One hundred and twenty years after its birth, the Dow Jones Industrial Average is as relevant as ever. There’s hardly a news story about the American stock market that doesn’t mention the index’s industrial average.
The idea of the Dow, an index of stock prices of 30 highly-valued and influential American companies, was first conceived by Charles Dow and Edward Jones, two financial journalists who went on to become the founders of The Wall Street Journal. Understandably, a lot has changed since 1896. The original 12 companies that made up the Dow, save for General Electric, have all disappeared from the index. At the time, those companies represented that era’s major economic outputs: sugar, energy, rubber, steel, and leather.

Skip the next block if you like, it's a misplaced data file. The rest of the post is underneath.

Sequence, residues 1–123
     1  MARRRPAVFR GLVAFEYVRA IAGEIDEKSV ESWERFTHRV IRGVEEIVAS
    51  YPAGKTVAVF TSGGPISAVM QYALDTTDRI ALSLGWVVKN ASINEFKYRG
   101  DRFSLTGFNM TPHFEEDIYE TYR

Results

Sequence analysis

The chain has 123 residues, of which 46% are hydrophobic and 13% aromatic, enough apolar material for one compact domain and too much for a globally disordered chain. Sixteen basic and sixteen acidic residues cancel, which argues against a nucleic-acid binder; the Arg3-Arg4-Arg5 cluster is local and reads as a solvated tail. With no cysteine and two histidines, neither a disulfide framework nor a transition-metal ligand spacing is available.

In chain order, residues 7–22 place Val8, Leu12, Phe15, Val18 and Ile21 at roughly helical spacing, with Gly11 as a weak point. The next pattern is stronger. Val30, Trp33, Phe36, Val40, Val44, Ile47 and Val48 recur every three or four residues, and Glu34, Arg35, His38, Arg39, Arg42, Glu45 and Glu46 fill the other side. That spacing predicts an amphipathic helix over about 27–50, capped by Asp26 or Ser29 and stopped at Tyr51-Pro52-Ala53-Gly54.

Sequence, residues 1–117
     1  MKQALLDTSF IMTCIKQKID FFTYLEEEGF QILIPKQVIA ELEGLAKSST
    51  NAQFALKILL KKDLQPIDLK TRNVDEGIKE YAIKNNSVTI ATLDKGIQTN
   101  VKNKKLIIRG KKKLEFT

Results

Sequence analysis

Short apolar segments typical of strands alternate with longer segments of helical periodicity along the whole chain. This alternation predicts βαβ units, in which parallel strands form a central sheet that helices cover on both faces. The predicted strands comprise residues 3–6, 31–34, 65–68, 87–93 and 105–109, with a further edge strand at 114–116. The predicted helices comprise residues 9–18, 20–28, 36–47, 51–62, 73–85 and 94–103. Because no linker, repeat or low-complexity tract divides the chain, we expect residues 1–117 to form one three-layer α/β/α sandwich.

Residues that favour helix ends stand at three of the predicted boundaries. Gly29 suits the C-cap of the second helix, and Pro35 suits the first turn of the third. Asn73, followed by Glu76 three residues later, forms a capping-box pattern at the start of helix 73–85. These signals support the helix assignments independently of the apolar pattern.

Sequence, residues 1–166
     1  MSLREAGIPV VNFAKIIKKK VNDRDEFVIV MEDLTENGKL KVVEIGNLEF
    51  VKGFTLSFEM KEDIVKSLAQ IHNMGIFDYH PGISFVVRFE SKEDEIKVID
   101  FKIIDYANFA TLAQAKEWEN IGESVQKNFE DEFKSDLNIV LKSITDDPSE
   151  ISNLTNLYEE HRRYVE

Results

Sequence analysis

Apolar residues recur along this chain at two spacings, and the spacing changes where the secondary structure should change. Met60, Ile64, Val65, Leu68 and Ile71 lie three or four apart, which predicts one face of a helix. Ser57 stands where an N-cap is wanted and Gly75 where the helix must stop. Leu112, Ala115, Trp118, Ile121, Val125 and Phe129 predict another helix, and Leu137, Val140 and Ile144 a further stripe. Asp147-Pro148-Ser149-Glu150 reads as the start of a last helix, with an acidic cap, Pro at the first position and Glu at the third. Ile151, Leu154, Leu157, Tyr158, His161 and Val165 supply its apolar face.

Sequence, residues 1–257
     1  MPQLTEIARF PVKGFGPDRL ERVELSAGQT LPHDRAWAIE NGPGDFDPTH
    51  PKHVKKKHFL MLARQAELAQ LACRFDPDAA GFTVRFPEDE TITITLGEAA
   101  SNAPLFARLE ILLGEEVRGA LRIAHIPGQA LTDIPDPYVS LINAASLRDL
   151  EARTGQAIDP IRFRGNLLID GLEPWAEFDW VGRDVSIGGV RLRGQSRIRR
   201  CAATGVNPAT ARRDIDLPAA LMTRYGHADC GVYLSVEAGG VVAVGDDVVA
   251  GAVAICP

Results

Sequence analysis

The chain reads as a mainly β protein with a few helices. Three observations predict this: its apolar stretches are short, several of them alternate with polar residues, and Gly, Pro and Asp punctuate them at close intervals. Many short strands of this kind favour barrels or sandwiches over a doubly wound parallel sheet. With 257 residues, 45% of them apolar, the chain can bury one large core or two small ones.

Also, at first, the Dow contained only industrial stocks (hence the name), and back then, investors were actually mostly interested in bonds. As financial historians note, the Dow became increasingly important over time, and by the 1950s, everyday Americans began to invest in stocks, as opposed to just professional traders.
The Dow has had an iconic presence in American financial markets. Over the course of its 120 years of existence, to what extent has it reflected the nature of the U.S. economy at large?